Filed under Television; Comments Off on The Best of the Super Bowl's IT Commercials

The Super Bowl is about to begin, and for many people, the main attraction is the commercials. Since recent studies show that a three-hour telecast of a football game has only 11 minutes of actual gameplay, this evening will be a greater bounty for advertisement viewers than for sports enthusiasts.

If history is any indication, it'll be an especially good evening for geeks. Computerworld is running a gallery of ten favorite IT commercials from Super Bowls past (and two terrible ones). Yes, Apple's iconic and much-parodied 1984 ad is there — how could it not be? — but I think my favorite of the lot is "Cat Herders", reminiscent of one of the AFI's funniest films of all-time, City Slickers:

Meanwhile, Network Associates' ad came 15 years after that seminal geek film, WarGames:

What are some of your most memorable Super Bowl ads, from either this year or ones past?

The Enterprise Enterprise

17-Sep-08 1:00 PM by
Filed under Humor, Star Trek; 3 comments.

Jerry Seinfeld's recent team-up with Bill Gates for a bizarre set of advertisements has put me in mind of other famous celebrity endorsements — especially when it comes to Star Trek. The show's futuristic setting has left Star Trek relatively immune to product placement, but that hasn't stopped the franchise from appearing elsewhere to promote services both related and otherwise. I'm not speaking of the show's actors, taken out of their galactic context, hawking wares such as the Commodore VIC-20, but actual in-character sales pitches.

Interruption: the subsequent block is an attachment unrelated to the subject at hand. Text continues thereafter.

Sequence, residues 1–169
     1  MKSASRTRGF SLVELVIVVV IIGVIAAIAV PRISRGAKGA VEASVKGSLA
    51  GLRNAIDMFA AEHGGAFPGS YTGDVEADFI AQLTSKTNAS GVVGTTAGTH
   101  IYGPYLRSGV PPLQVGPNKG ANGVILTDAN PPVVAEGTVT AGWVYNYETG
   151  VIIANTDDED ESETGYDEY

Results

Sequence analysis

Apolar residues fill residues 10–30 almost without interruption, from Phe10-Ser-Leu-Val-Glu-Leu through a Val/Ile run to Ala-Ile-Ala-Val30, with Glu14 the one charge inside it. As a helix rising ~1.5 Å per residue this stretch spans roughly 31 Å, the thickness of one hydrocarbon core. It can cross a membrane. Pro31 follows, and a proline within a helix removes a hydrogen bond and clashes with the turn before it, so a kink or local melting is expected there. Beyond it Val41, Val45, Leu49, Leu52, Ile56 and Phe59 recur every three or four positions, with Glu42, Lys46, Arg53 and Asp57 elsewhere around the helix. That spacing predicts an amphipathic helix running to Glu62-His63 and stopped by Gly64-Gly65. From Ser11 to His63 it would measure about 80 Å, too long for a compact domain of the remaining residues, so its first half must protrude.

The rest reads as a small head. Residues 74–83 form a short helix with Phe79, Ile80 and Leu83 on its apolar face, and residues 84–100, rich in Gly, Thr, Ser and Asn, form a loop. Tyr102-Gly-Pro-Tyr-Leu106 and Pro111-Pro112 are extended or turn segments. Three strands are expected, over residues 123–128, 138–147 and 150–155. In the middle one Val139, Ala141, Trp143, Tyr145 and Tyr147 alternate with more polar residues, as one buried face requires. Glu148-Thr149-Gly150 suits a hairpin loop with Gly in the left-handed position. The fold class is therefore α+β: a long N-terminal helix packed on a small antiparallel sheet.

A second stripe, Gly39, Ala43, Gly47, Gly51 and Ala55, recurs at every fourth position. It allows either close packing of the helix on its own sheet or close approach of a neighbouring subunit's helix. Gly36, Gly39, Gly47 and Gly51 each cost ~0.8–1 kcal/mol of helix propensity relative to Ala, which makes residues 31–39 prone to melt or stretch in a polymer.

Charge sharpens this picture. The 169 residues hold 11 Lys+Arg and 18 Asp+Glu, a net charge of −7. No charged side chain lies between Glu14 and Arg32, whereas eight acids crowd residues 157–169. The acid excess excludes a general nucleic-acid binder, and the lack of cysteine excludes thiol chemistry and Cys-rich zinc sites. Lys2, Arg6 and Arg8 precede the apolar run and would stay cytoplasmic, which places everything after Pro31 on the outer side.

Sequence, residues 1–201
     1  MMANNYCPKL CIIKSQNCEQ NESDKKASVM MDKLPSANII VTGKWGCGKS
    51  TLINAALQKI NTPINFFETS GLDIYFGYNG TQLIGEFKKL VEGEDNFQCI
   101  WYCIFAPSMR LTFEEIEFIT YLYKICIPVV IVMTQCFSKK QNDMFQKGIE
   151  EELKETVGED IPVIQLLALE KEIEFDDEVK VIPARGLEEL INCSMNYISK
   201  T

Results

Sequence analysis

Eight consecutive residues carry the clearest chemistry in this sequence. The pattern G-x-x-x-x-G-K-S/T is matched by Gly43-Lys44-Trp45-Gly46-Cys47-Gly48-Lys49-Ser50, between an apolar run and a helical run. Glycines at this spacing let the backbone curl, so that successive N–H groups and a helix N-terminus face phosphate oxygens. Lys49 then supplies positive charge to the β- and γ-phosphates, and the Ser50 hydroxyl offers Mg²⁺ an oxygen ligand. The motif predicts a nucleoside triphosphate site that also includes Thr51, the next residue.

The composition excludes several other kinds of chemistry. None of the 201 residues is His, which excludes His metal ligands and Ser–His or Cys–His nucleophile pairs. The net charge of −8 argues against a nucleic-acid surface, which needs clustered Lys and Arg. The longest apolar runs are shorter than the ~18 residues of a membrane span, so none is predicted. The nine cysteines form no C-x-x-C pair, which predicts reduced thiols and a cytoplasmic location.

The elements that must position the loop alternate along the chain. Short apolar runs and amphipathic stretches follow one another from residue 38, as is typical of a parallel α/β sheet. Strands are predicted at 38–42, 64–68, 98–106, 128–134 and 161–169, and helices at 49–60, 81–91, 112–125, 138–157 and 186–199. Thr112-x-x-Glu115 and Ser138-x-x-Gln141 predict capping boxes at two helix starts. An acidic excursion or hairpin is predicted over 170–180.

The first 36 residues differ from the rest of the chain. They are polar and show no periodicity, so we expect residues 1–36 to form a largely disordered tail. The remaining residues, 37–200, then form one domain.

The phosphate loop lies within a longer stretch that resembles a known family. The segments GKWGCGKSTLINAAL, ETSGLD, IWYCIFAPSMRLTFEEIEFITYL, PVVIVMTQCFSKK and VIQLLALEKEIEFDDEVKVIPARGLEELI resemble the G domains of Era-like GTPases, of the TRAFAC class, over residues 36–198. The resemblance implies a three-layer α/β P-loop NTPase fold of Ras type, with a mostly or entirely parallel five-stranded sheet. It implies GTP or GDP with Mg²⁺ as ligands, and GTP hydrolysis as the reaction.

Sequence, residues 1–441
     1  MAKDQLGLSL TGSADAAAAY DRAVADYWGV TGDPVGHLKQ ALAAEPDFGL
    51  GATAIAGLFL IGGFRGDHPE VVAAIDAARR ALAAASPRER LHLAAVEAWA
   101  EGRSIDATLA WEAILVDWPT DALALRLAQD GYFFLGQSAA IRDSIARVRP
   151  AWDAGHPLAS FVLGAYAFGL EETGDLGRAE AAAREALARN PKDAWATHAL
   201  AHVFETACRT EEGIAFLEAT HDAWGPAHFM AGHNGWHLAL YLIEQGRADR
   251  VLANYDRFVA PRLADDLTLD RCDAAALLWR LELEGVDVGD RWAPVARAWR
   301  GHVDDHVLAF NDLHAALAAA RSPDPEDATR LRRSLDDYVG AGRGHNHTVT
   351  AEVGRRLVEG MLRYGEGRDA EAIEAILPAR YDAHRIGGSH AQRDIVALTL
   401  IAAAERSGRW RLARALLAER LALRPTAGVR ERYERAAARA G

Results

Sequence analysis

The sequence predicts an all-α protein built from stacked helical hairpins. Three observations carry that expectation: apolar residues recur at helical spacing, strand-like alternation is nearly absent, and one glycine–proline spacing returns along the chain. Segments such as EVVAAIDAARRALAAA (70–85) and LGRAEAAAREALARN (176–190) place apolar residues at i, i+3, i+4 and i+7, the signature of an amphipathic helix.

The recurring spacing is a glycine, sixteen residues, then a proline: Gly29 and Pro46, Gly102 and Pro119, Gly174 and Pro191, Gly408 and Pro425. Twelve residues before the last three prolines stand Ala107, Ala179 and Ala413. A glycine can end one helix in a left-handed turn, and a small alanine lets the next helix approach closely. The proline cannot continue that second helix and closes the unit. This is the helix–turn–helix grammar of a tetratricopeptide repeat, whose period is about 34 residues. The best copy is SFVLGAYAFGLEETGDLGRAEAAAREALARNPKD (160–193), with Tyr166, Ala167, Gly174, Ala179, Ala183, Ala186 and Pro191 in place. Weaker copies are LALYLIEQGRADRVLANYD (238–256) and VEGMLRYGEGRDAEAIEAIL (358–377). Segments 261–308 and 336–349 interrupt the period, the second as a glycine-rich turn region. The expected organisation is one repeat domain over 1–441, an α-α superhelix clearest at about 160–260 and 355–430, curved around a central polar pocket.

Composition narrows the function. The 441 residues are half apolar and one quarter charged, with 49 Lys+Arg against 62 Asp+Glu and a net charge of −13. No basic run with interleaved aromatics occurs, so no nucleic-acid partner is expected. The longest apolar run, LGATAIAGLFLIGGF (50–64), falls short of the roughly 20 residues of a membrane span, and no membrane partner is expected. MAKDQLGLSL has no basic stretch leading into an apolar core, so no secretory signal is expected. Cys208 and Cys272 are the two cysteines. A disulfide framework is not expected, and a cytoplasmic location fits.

The most recent and famous example may be William Shatner plugging DirecTV:

Of course, once you find the DirecTV channel you want, put down the remote and get your hands busy with some finger-lickin' goodness:

(more…)

The Voice of God

10-Sep-08 2:59 PM by
Filed under Fade to Black; 1 comment.

Screen actors often lend their voices to various productions, from Morgan Freeman's narration of March of the Penguins to Orson Welles and Leonard Nimoy playing shapeshifting robots in Transformers: The Movie. Famed for their on-screen appearances, these actors often lend a voice that is difficult, if not impossible, to separate from their role; the audience hears not the animated character, but a well-known actor's voice.